Prince Charles, Prince of Wales and Prince William, Duke of Cambridge attend the service of Remembrance at the Cenotaph

Prince Charles, Prince of Wales and Prince William, Duke of Cambridge attend the service of Remembrance at the Cenotaph

Prince Charles, Prince of Wales and Prince William, Duke of Cambridge attend the service of Remembrance at the Cenotaph

However, it is also a day when the entire Forces family feels immense pride in seeing its Commander-in-Chief leading the national commemorations.

In the short statement from Buckingham Palace at 9.18am yesterday, we were told that the Queen was ‘disappointed’ not to attend but, with ‘great regret’, had taken the decision ‘having sprained her back’.

Many among the tens of thousands of onlookers had not heard the news.

Shortly before 11am, I watched the mobile phones pop up above the crowd like meerkats, ready to capture the royal appearance on the central Foreign Office balcony. At which point, they saw just the Duke of Kent, 86, and Princess Alexandra, 84. Blank looks all round. 

Prince Edward, Duke of Kent and Britain's Princess Alexandra took the Queen's place on the central balcony in Whitehall

Prince Edward, Duke of Kent and Britain's Princess Alexandra took the Queen's place on the central balcony in Whitehall

Prince Edward, Duke of Kent and Britain’s Princess Alexandra took the Queen’s place on the central balcony in Whitehall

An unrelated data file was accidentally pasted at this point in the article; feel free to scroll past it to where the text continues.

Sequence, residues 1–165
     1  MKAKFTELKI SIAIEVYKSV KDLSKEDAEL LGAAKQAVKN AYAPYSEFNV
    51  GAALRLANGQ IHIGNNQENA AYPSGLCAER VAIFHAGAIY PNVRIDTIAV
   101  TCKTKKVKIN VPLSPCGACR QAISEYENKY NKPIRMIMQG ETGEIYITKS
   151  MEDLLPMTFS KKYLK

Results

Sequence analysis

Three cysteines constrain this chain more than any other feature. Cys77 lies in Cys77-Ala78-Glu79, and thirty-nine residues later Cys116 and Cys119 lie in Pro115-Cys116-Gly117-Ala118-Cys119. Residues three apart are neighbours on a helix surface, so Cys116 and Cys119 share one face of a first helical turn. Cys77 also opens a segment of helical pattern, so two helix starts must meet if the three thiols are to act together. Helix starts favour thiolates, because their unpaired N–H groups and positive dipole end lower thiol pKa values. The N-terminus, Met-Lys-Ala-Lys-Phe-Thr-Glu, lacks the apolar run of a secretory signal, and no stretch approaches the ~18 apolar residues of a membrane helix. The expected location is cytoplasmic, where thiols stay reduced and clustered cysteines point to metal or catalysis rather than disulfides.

The Queen would normally have appeared on the central balcony where the Duke of Kent and Princess Alexandra stood today. Members of the Royal Family (left to right) Vice Admiral Sir Tim Laurence, the Duke and Duchess of Gloucester, the Duke of Kent, Princess Alexandra, the Duchess of Cornwall, the Duchess of Cambridge and the Countess of Wessex on the balconies

The Queen would normally have appeared on the central balcony where the Duke of Kent and Princess Alexandra stood today. Members of the Royal Family (left to right) Vice Admiral Sir Tim Laurence, the Duke and Duchess of Gloucester, the Duke of Kent, Princess Alexandra, the Duchess of Cornwall, the Duchess of Cambridge and the Countess of Wessex on the balconies

The Queen would normally have appeared on the central balcony where the Duke of Kent and Princess Alexandra stood today. Members of the Royal Family (left to right) Vice Admiral Sir Tim Laurence, the Duke and Duchess of Gloucester, the Duke of Kent, Princess Alexandra, the Duchess of Cornwall, the Duchess of Cambridge and the Countess of Wessex on the balconies

Pictured: Prince Charles laid a wreath on behalf of the Queen at the Remembrance Sunday event as she was unable to attend

Pictured: Prince Charles laid a wreath on behalf of the Queen at the Remembrance Sunday event as she was unable to attend

Pictured: Prince Charles laid a wreath on behalf of the Queen at the Remembrance Sunday event as she was unable to attend

Pictured: Prince William, Duke of Cambridge lays a wreath as he attends the annual service of Remembrance at the Cenotaph

Pictured: Prince William, Duke of Cambridge lays a wreath as he attends the annual service of Remembrance at the Cenotaph